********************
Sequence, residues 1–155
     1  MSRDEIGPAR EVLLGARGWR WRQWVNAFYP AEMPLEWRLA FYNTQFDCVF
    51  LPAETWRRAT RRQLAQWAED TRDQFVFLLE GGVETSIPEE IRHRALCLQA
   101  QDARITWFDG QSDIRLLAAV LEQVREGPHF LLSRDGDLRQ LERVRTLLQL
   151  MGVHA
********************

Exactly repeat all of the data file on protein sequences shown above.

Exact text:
Sequence, residues 1–155
     1  MSRDEIGPAR EVLLGARGWR WRQWVNAFYP AEMPLEWRLA FYNTQFDCVF
    51  LPAETWRRAT RRQLAQWAED TRDQFVFLLE GGVETSIPEE IRHRALCLQA
   101  QDARITWFDG QSDIRLLAAV LEQVREGPHF LLSRDGDLRQ LERVRTLLQL
   151  MGVHA